Elzie Odom’s remarkable journey

At a recent luncheon ceremony hosted at UT Arlington’s Library, former Mayor Elzie Odom placed his family and public papers among the library’s Special Collections.

Now anyone may discover the remarkable journey that he and his wife Ruby have traveled during their 73 years together. It is an inspirational American success story grounded in faith resulting, as they will eagerly tell you, in boundless blessings from God.

It begins with Elzie’s birth in 1929 in Shankleville, Texas – an African American municipality built by freedmen, former slaves who were emancipated during and after the Civil War.

Three mayors and a first lady: Jeff Williams, Elzie Odom, Richard Greene and Ruby Odom

His great, great grandfather, Jim Shankle, founded the community in 1867. Elzie’s account of his forebear’s life as husband to his wife Winnie and her three slave children will keep any audience spellbound.

When Shankle’s owner on a Mississippi plantation sold his wife and children to a Texas slave owner, he was left alone and desperate to somehow be reunited with them.

“All he knew about Texas,” Elzie explains, “was that it was somewhere to the West.”

Risking his life as a runaway, Shankle set out on foot over a 400-mile journey, swimming the Mississippi and Sabine Rivers, looking for Winnie. They were ultimately reunited, freed, and raised Winnie’s three children and six of their own in Shankleville.

Elzie and Ruby, whose families lived in Shankleville, fell in love during their teenage years. In a borrowed suit, he exchanged wedding vows with Ruby in 1947. “After the ceremony, I paid the preacher and had 10 dollars left in the world. I gave Ruby half and each of us gave our church a dollar and we began our life together with the remaining eight dollars,” recalls Elzie.

Elzie would become a part-time letter carrier with a salary of 98 cents an hour and would later advance to the position of only the fifth black postal inspector in the country – a job that would eventually land them in Arlington.

Upon retirement from that work, Elzie turned his attention to community service and then joined me as a city council member in 1990 after winning election as the city’s first black person to hold that post.

Those years would prove pivotal to the city’s future. We would face the test to lead our community to keep our place among the few Major League Cities of the country when the Texas Rangers needed a new ballpark. On the heels of meeting that challenge, a potential crisis was averted when we secured the decision from General Motors to keep their Arlington plant open in the midst of a national recession that had threatened its future.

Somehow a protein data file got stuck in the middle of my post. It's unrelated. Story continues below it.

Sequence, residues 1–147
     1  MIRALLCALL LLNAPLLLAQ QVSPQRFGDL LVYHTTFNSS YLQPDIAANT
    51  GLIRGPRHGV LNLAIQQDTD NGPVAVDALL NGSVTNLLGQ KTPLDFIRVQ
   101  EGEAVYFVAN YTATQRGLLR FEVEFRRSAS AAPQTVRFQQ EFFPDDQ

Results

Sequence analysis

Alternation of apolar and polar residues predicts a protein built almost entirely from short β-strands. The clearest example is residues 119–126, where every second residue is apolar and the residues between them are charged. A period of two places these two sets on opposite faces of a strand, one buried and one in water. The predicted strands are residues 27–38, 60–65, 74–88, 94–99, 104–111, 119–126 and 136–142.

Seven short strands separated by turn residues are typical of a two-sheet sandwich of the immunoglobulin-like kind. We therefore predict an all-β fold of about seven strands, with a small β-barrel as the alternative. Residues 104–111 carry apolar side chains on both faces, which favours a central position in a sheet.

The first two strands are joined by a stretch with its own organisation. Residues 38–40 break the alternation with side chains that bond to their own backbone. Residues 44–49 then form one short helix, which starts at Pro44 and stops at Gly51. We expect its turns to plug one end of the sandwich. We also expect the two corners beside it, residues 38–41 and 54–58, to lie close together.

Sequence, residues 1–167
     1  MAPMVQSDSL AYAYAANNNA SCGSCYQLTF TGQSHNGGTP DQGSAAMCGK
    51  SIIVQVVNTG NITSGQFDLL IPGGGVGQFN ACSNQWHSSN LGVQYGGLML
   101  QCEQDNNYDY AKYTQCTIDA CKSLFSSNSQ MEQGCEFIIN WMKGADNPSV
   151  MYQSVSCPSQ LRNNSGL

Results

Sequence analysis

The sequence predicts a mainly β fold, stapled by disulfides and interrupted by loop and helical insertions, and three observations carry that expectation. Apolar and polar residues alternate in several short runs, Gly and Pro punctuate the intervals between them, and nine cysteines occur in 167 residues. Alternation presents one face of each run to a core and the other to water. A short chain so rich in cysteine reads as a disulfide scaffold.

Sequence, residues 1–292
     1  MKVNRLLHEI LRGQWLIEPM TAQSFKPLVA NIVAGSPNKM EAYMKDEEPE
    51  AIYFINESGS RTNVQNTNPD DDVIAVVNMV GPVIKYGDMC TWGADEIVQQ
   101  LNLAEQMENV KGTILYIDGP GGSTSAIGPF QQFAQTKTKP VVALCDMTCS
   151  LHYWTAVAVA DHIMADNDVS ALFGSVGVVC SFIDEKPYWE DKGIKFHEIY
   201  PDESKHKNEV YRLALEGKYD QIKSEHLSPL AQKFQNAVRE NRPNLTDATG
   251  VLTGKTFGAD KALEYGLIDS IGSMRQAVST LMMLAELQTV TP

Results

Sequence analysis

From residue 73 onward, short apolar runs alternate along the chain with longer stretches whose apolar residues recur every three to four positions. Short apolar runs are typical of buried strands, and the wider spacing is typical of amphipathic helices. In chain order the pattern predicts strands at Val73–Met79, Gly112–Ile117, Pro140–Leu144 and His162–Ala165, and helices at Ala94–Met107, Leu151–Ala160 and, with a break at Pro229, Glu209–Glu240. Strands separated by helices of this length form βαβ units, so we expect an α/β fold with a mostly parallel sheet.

I could always count on Elzie to be thoroughly committed to the daunting tasks we faced together and instrumental in leadership that produced the results our city badly needed to see happen.

Elzie would be critical in the transformation of our form of government from a method of electing council members in an all at-large system to a combination of five single member districts and three at-large seats to better serve a rapidly expanding city.

When I decided not to seek re-election after 10 years as mayor, Elzie sought and won that job, becoming the first black mayor in a city with a black population of less than 10 percent of its total citizenry.

At the library ceremony, UTA President Vistasp Karbhari recognized the collection of Elzie’s papers as “a true glimpse of a life and legacy – a tireless advocate for diversity, leadership, sacrifice, service, vision, study and inspiration.”

Current Mayor Jeff Williams talked about his relationship with Elzie that had begun when Jeff was a young engineer recognizing Elzie’s devotion as a deacon in Mt. Olive Baptist Church as a “servant leader” commanding respect and admiration from everyone who knew him.

In a memoir Elzie published a few years ago, he cited a verse from a hymn that inspired and informed his life: “When up on life’s billows you are tempest tossed, when you are discouraged, thinking all is lost, count your many blessings, name them one by one, and it will surprise you what the Lord has done.”

In the ceremonial passing of the gavel on the occasion of his taking the oath of office as the city’s new mayor in 1997, I knew I had placed it into the hands of a very special man who would honor and serve the people of our city from a sincere heart and with compassion for others.